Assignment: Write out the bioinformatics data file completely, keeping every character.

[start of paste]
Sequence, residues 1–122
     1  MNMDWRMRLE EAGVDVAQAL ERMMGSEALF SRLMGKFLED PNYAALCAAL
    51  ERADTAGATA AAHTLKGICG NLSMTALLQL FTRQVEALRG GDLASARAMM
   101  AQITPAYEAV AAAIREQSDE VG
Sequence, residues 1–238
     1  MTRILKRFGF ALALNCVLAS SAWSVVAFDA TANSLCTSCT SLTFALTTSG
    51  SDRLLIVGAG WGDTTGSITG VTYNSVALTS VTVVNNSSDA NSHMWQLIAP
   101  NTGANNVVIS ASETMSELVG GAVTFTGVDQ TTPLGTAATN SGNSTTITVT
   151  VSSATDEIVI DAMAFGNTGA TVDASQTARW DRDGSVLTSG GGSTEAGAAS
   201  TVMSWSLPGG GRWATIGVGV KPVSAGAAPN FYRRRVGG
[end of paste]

Sequence, residues 1–122
     1  MNMDWRMRLE EAGVDVAQAL ERMMGSEALF SRLMGKFLED PNYAALCAAL
    51  ERADTAGATA AAHTLKGICG NLSMTALLQL FTRQVEALRG GDLASARAMM
   101  AQITPAYEAV AAAIREQSDE VG
Sequence, residues 1–238
     1  MTRILKRFGF ALALNCVLAS SAWSVVAFDA TANSLCTSCT SLTFALTTSG
    51  SDRLLIVGAG WGDTTGSITG VTYNSVALTS VTVVNNSSDA NSHMWQLIAP
   101  NTGANNVVIS ASETMSELVG GAVTFTGVDQ TTPLGTAATN SGNSTTITVT
   151  VSSATDEIVI DAMAFGNTGA TVDASQTARW DRDGSVLTSG GGSTEAGAAS
   201  TVMSWSLPGG GRWATIGVGV KPVSAGAAPN FYRRRVGG